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333 Afghan refugees arrive in Calgary, 1,800 more expected by June

As part of Canada’s promise to help 40,000 Afghan refugees, another charter flight landed in Calgary on Thursday.

333 people who escaped Afghanistan as the Taliban took over were greeted at the Calgary International Airport around noon.

Among those was Sughra Saadat, a human-rights advocate, and spokesperson for the Transparent Election Foundation of Afghanistan.

She said that while she’s grateful to be here in Canada, she’s still concerned for those still in Afghanistan.

“Still having my family back home, it’s a [difficult] thing for me,” said Saadat. “I’m very stressed while trying to overcome all the challenges.”

One of those challenges is finding a place to stay in Calgary as she works on getting paperwork and finances set up.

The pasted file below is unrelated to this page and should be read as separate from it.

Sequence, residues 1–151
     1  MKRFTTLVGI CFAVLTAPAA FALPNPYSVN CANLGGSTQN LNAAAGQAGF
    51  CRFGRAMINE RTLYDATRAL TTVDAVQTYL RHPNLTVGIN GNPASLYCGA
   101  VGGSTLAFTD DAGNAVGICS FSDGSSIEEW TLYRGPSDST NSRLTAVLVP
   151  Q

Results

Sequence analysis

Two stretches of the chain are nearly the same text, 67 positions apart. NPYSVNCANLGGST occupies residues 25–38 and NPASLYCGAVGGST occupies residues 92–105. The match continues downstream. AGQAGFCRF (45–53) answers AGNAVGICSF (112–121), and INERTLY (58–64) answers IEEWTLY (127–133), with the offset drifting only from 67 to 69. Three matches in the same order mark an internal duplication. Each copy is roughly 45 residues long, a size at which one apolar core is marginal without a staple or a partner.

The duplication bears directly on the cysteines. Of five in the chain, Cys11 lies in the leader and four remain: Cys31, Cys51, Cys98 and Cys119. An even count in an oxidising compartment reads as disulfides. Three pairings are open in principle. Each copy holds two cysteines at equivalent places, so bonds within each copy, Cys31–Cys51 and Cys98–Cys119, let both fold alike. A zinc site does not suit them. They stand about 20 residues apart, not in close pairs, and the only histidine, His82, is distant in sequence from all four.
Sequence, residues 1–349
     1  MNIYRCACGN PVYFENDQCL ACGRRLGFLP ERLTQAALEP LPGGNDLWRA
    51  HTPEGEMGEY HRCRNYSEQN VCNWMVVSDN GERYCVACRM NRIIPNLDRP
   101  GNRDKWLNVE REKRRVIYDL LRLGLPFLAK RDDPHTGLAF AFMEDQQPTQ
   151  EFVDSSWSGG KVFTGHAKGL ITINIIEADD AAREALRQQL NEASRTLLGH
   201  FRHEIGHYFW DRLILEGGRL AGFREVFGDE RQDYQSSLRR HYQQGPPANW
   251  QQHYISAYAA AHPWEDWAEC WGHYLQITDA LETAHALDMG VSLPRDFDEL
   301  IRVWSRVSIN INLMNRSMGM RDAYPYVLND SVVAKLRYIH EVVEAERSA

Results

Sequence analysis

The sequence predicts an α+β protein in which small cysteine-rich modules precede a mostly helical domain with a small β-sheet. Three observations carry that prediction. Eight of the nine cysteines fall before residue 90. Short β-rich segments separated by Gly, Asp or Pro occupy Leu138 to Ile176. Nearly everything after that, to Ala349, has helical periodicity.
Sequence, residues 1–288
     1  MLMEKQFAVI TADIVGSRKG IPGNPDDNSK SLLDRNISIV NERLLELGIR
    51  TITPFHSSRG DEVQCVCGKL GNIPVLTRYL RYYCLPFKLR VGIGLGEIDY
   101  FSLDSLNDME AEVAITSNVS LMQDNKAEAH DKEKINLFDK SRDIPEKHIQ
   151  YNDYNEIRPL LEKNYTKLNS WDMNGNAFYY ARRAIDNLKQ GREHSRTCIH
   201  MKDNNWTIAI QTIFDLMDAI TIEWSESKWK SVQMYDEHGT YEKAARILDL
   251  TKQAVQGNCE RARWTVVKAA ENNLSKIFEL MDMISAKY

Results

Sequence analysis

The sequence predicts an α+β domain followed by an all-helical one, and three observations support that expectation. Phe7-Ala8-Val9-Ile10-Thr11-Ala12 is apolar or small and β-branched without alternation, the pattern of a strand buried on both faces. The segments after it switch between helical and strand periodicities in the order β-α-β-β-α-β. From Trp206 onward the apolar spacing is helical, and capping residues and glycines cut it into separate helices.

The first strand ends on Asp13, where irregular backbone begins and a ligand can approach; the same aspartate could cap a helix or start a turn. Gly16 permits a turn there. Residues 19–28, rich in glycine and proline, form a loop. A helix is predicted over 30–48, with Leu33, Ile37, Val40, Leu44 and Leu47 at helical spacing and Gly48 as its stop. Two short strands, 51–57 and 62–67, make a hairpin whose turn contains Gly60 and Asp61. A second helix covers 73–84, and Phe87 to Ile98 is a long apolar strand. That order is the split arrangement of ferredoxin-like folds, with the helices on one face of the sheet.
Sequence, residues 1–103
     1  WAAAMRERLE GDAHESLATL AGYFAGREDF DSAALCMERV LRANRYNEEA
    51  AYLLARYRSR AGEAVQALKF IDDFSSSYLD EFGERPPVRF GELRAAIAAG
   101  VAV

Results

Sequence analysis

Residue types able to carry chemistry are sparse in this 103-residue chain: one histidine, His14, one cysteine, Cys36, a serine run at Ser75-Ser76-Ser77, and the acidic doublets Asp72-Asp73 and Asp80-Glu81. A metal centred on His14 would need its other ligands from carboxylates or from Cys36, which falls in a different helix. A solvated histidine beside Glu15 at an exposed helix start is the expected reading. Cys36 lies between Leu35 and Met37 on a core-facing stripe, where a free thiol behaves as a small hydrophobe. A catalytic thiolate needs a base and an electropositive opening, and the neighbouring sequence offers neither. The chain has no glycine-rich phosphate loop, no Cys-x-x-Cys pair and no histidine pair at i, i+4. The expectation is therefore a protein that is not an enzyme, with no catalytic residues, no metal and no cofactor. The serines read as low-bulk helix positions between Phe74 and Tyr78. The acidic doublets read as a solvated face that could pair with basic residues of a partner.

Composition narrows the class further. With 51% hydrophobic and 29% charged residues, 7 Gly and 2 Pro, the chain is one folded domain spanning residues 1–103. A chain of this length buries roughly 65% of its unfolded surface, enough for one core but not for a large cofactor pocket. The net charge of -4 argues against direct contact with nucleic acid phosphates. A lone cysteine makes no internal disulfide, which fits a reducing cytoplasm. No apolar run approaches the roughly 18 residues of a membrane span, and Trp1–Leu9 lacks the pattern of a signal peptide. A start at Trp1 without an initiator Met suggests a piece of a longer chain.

The Calgary Catholic Immigration Society helps with initial housing and has been getting support from short-term rental company Airbnb.

Recently, AirBnb announced that it had reached its goal of providing 20,000 Afghan refugees worldwide with free, temporary housing.

Around 160 of those families are here in Canada with the most popular cities being Winnipeg, Saskatoon and Lethbridge.

AirBnb’s public policy expert Nathan Rotman said the housing helps provide a sense of belonging for those in need.

“[They] come into a community like Calgary and live in a neighbourhood with a home and a kitchen where they can eat the food that they grew up with,” said Rotman. “It has a sense of home.”

Rotman said the company will now be looking at helping another 20,000 refugees in the coming months.

CCIS’s CEO Fariborz Birjandian said that type of support will be needed since more flights are expected to arrive before the summer.

“In the next two to three months, we’re probably looking at about 1,800 people at least coming to Calgary,” said Birjandian.

He adds the focus will be on both those just arriving to Calgary as well as those who have been here for months.

“They are extremely grateful,” said Birjandian. “It’s a safe place for themselves and children. But again, they are all worried about what’s happening in Afghanistan, especially what’s happened to their families.”

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